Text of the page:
Climate leaders in Chelsea suggest less development, more green solutions for coastal flooding


As severe weather is made increasingly likely by climate change, flooding poses a serious risk to the residents of Chelsea. Many parts of the small city, situated between East Boston and Everett, were constructed on filled-in land over swamps and sea marshes. The housing built in these low areas is home to many foreign-born and low-income residents.

GreenRoots, Inc. is a community-oriented nonprofit based in Chelsea. The organization has led initiatives to reclaim parts of the Chelsea waterfront for public use and benefit of Chelsea residents. John Walkey, the director of Waterfront and Climate Justice Initiatives, said new approaches to waterfront use could provide practical flood protection for Chelsea.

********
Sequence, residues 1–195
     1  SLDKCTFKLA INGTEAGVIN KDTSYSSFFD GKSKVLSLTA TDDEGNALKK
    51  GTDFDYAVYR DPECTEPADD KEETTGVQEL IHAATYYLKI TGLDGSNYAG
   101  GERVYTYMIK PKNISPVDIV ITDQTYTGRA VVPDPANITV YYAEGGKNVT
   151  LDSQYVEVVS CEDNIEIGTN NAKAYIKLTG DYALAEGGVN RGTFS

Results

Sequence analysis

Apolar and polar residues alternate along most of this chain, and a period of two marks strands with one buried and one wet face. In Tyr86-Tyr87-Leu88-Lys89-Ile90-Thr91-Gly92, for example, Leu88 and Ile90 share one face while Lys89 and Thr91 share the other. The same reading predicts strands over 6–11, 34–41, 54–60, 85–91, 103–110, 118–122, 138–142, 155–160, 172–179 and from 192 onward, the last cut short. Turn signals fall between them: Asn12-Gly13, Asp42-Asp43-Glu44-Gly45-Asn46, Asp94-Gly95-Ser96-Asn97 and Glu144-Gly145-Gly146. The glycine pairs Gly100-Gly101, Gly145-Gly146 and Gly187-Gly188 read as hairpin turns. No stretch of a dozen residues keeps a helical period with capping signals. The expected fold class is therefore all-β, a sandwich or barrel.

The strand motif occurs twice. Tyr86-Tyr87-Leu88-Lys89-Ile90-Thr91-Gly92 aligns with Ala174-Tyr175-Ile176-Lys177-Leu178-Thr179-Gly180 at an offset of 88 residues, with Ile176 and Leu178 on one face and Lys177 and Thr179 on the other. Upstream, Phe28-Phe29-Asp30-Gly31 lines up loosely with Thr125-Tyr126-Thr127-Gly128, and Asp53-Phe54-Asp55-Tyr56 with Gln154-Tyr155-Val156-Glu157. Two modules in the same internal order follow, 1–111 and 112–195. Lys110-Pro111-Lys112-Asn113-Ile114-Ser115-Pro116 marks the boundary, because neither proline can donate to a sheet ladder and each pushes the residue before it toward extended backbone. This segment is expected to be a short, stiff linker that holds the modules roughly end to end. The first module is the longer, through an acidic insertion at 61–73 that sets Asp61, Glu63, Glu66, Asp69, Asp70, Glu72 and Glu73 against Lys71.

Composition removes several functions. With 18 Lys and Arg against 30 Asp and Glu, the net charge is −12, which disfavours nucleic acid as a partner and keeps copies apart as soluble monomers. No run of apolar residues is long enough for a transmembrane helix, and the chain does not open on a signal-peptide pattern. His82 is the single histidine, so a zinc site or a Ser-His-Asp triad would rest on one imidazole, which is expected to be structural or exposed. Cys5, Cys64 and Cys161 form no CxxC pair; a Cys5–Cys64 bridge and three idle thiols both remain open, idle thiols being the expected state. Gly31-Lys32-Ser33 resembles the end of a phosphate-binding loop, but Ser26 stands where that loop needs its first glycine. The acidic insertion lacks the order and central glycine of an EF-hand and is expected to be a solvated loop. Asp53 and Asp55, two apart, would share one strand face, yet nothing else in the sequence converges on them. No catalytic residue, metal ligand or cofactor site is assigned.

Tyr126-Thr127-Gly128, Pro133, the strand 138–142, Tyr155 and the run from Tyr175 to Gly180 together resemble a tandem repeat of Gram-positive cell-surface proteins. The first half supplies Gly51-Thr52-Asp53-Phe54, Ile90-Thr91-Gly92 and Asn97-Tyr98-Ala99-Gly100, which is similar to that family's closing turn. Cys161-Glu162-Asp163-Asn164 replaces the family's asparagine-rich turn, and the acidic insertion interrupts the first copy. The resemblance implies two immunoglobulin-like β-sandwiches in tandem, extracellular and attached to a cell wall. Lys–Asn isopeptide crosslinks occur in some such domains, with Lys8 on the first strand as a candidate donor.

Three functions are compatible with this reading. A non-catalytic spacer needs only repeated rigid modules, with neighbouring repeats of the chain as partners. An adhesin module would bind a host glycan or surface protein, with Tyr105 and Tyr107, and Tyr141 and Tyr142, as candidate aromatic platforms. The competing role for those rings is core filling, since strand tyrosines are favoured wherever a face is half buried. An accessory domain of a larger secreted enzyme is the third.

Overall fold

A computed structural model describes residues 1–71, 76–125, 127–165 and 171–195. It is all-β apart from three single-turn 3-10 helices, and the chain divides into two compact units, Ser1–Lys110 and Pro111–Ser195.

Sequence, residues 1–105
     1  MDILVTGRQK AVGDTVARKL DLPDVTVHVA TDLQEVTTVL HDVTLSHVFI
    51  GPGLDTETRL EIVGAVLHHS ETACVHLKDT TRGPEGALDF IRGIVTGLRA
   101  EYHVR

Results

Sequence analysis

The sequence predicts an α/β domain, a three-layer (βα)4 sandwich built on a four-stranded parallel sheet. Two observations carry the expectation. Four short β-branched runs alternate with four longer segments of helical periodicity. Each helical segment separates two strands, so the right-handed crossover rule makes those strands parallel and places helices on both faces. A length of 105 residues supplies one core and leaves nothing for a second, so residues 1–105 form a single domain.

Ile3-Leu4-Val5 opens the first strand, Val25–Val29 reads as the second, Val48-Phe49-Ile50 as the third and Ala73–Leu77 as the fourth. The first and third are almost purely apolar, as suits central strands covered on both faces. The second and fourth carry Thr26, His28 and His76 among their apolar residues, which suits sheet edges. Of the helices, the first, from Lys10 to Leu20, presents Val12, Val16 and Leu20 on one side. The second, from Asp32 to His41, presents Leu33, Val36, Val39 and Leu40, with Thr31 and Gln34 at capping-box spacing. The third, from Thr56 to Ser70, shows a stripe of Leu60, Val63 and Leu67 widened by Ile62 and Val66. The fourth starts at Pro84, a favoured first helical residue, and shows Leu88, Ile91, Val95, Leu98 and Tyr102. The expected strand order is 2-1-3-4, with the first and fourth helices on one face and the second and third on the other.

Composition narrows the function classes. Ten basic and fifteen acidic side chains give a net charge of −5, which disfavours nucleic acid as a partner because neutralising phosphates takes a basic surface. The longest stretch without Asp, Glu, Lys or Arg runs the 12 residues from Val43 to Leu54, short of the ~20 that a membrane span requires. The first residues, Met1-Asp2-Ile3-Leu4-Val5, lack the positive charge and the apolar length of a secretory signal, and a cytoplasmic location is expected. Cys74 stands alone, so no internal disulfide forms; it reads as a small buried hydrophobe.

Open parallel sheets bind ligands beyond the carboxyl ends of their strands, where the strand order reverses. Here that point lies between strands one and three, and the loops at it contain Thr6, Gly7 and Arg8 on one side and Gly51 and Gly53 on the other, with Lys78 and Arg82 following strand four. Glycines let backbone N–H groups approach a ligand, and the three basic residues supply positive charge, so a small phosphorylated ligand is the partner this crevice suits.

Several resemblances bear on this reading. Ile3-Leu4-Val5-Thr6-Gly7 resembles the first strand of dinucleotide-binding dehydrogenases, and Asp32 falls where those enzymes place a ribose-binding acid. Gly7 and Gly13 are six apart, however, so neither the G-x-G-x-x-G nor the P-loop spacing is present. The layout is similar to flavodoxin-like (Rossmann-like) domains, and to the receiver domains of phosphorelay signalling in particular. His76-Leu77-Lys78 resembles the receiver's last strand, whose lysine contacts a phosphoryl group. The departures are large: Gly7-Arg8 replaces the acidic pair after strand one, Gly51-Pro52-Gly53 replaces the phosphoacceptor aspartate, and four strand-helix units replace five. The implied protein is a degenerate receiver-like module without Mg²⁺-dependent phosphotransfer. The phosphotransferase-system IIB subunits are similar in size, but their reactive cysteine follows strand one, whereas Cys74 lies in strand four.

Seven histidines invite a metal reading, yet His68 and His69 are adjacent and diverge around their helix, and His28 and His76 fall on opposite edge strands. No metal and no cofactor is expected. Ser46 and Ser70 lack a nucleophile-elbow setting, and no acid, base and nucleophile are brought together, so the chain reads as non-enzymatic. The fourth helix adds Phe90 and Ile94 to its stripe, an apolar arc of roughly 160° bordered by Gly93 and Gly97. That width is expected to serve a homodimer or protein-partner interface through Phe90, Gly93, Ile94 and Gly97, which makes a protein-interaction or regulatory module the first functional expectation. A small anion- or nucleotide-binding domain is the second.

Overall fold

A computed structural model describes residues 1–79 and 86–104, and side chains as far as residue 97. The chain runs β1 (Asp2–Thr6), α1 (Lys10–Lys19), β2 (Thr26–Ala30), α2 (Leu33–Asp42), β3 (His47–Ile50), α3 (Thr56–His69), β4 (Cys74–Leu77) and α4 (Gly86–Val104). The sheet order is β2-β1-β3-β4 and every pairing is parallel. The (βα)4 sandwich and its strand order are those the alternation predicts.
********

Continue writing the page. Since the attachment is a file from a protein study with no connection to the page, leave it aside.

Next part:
“I think changing business as usual is going to be the key part,” Walkey said. “We have those two options; one is a benefit for all over the long term, and the other option, business as usual, is sort of a short-term benefit for just a few people.”

Rather than continue development on land at high risk of flooding, Walkey supports marshland restoration as an ecological solution to flooding. He believes new parks and green spaces along the waterfront would protect residents while offering a public amenity not commonly found in communities like Chelsea.


This video is a part of a climate justice series produced in Jody Santos’ course “Video News Reporting and Producing” at Northeastern University. Over the course of the semester, students will be producing news packages addressing climate and transit justice within Greater Boston.

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